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History Uncovering History

Howard, Sam, Mitch, and Me

I have a somewhat deserved reputation for tardiness.  Just after I finally  read Sam Wineburg’s critique of Howard Zinn’s A People’s History of the United States and began drafting some thoughts, Zinn and Wineburg were in the news thanks to Purdue University President Mitch Daniels.  Then, I went on vacation…So, here are my belated thoughts on all of this. I found myself agreeing with Wineburg’s critique of Zinn, but, like him, find only problems in Daniel’s attempt to censor it.

Book Cover, "Howard Zinn" (red letters), "A People's History of the United States" (blue letters) on white background
Cover image courtesy of HarperCollins

One thing that interests me about  Wineburg’s critique is how it traces my own evolution as a teacher of history. I read A People’s History after I had been teaching high school history for about ten years, although I had been aware of it longer.  At that time I appreciated how Zinn turned the conventional textbook narrative on its head, although I found some of his reframing to be old news.  I especially liked and continue to appreciate the first few pages, which open “Arawak men and women, naked, tawny, and full of wonder…”  I still think that  Zinn excerpts such as this expose students to the subjectivity of history. What I didn’t appreciate at the time was the difference between simply being critical of some one else’s construction of historical knowledge and understanding history as the product of critically reading primary sources  My goal was to replace a triumphalist, largely political narrative of a white, American republic with narratives that stressed the experiences of many peoples underrepresented in this traditional history.

My  approach to teaching history increasingly emphasizes encouraging students to critically construct knowledge as historians.  I want to help students to develop enduring skills, especially around literacy.  The work of Sam Wineburg has been useful to me in this process, and his criticism of Zinn’s lack of historical rigor fits my view of the epistemology and appropriate pedagogy of history.   Importantly, the goals of expanding skills and students perspectives are not mutually exclusive, and this is why Mitch Daniel’s intervention against Zinn strikes such a sour note. Daniels seems to simply want to maintain the traditional, triumphalist story of an exceptional America.  Like Zinn he wants information to reinforce his notion of the essence of American history. He is only unhappy with Zinn’s conclusions, and doesn’t care about his method. Daniels’s conflation of consensus historian Arthur Schlesinger with Marxist Zinn as part of an amorphous “left” demonstrates the bluntly political nature of his attack.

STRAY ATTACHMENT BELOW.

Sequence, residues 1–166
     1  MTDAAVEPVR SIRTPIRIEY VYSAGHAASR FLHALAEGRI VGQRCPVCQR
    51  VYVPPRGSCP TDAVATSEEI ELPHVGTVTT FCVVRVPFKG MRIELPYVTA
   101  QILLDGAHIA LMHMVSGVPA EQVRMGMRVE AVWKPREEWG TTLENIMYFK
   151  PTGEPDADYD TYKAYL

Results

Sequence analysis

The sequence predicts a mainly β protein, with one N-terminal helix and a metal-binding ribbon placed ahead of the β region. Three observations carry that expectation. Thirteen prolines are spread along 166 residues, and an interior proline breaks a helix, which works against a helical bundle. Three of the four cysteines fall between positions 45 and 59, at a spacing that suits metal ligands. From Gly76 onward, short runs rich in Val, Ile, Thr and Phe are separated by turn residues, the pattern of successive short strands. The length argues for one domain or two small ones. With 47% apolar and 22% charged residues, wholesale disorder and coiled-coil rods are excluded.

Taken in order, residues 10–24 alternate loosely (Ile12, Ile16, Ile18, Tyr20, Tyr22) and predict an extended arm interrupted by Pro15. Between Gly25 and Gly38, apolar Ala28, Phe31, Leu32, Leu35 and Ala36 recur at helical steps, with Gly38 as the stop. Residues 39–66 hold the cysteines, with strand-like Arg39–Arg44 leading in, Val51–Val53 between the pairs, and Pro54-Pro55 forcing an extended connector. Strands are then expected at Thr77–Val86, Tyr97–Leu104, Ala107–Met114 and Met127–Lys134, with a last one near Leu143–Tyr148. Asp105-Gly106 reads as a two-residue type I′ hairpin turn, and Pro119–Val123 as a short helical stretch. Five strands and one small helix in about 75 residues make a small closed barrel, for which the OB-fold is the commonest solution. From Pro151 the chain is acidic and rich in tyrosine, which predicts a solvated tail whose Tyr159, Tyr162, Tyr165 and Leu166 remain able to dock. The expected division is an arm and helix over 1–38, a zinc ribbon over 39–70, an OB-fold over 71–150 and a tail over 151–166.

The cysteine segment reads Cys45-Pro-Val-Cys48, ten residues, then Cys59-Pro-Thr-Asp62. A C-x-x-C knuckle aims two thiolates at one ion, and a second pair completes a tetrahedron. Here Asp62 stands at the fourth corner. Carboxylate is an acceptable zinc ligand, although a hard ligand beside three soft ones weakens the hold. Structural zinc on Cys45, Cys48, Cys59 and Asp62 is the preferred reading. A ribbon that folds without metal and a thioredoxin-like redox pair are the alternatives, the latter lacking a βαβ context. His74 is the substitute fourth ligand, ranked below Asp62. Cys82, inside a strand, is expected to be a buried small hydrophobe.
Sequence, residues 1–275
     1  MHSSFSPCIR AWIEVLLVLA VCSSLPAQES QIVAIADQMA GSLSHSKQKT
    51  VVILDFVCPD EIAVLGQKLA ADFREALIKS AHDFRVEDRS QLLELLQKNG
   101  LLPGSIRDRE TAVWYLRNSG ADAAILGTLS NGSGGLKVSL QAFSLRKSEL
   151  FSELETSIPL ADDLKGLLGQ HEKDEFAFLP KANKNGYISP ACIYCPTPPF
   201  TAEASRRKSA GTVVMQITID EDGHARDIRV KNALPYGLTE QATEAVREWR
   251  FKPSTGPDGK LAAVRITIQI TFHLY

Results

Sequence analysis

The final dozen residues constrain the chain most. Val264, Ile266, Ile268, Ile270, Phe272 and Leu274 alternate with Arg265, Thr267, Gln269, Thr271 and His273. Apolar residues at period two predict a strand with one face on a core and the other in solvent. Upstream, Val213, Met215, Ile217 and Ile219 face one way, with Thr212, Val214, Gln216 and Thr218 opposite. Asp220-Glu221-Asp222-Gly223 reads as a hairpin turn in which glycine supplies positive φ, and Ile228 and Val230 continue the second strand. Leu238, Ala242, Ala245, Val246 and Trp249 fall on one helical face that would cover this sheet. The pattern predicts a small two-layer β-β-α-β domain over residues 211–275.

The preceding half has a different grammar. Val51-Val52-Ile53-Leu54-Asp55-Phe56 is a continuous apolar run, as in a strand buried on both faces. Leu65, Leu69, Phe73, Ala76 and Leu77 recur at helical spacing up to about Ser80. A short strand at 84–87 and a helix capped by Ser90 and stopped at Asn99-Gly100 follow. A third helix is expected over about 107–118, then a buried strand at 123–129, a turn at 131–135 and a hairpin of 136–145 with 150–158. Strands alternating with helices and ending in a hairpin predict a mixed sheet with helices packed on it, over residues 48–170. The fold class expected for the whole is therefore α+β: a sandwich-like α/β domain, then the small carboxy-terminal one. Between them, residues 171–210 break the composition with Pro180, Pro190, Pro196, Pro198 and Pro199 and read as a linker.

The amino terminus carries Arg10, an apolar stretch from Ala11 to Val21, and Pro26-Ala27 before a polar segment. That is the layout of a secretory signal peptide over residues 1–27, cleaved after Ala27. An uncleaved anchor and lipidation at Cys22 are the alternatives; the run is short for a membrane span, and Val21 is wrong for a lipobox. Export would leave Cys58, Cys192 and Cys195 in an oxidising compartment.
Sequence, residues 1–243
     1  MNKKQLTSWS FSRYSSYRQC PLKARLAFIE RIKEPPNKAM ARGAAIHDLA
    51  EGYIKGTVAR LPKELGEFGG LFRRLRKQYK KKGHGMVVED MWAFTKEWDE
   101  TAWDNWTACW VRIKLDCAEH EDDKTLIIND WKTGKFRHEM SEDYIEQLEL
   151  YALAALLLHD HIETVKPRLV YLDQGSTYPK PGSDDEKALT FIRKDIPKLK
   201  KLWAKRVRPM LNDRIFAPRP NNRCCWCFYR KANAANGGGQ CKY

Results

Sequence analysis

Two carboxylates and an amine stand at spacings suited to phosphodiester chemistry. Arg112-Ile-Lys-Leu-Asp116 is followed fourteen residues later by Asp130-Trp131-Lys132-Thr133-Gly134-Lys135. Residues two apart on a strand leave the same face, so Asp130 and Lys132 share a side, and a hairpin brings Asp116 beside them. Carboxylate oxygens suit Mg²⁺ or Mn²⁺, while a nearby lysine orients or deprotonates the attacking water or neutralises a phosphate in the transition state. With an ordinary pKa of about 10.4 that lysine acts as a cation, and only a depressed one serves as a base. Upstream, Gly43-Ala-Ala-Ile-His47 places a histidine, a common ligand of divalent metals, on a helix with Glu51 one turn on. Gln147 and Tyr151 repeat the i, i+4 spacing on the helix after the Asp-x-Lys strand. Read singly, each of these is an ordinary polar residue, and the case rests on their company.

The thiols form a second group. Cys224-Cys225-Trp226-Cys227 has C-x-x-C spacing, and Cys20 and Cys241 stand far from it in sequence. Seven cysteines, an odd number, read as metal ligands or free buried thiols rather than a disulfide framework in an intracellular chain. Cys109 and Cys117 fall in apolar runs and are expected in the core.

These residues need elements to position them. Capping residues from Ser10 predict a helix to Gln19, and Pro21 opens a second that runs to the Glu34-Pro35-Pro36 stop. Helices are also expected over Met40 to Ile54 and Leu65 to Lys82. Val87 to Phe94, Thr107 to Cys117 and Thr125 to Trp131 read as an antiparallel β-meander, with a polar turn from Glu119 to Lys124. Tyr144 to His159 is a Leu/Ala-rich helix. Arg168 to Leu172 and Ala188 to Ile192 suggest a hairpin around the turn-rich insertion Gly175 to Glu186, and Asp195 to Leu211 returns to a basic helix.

Almost fifteen years after my initial reading of A People’s History, I still work to include  the histories of many Americans underepresented in the.  But, I now want students to critically read sources, to hear people in their own words and learn to support conclusions with evidence.  In this work I have taken much from Bruce Lesh, Why Won’t You Just Tell Us the Answers,  and Bruce VanSledwright, The Challenge of Rethinking History Education.  Both encourage student inquiry in the history classroom, but both also assume that a teacher-driven narrative approach to US History will also be a traditional, optimistic, white story.  Howard Zinn shows us that this is not always true, as does my own experience of trying to tell students a more multicultural version of US History, in concert with talented and well-intentioned colleagues.  Historical perspective and methodology are not always the same.  We can and should have students participate in writing history from the bottom up.
Update: On twitter, Bill Chapman (@classroomtools) alerted me to a sloppy aspect of Wineburg’s LA Times Op-Ed to which I linked above.  Wineburg claims:

“But Zinn got important facts wrong. In successive editions, from the original 1980 imprint to the 2006 “Modern Classics” edition, Zinn quoted a cable supposedly sent by Japanese Foreign Minister Shigenori Togo in 1945 to his ambassador to Moscow. “Unconditional surrender is the only obstacle to peace,” the cable was supposed to have said. Zinn concluded from those words that Japan would have been willing to surrender if the U.S. would have agreed that its emperor could remain in place. Yet no cable with these words exists: not in the Japanese archives, the American archives or anywhere else.”

Using the powers of the internet Bill and I quickly found two places with a cable from Togo to the Japanese Ambassador Sato.  Togo wrote “as long as American and England insist on unconditional surrender, our country has no alternative but to see it through in an all-out effort for the sake of survival and the honor of the homeland.”  Wineburg is correct that Togo didn’t write “only”, and by rejecting unconditional surrender Togo was clearly implying that an unnamed number of conditions could prevent surrendering. But, his criticism, like A People’s History would have benefitted from more nuance.

Another update: To be clear Wineburg’s critique in American Educator was clear.  The problem came in translating this argument into the op-ed format.  A lesson in itself that good historical writing more complex than opinion writing.

By Eric Beckman

I am a veteran high school history teacher interested in decolonizing history curricula, anti-racist pedagogy, and e-learning.

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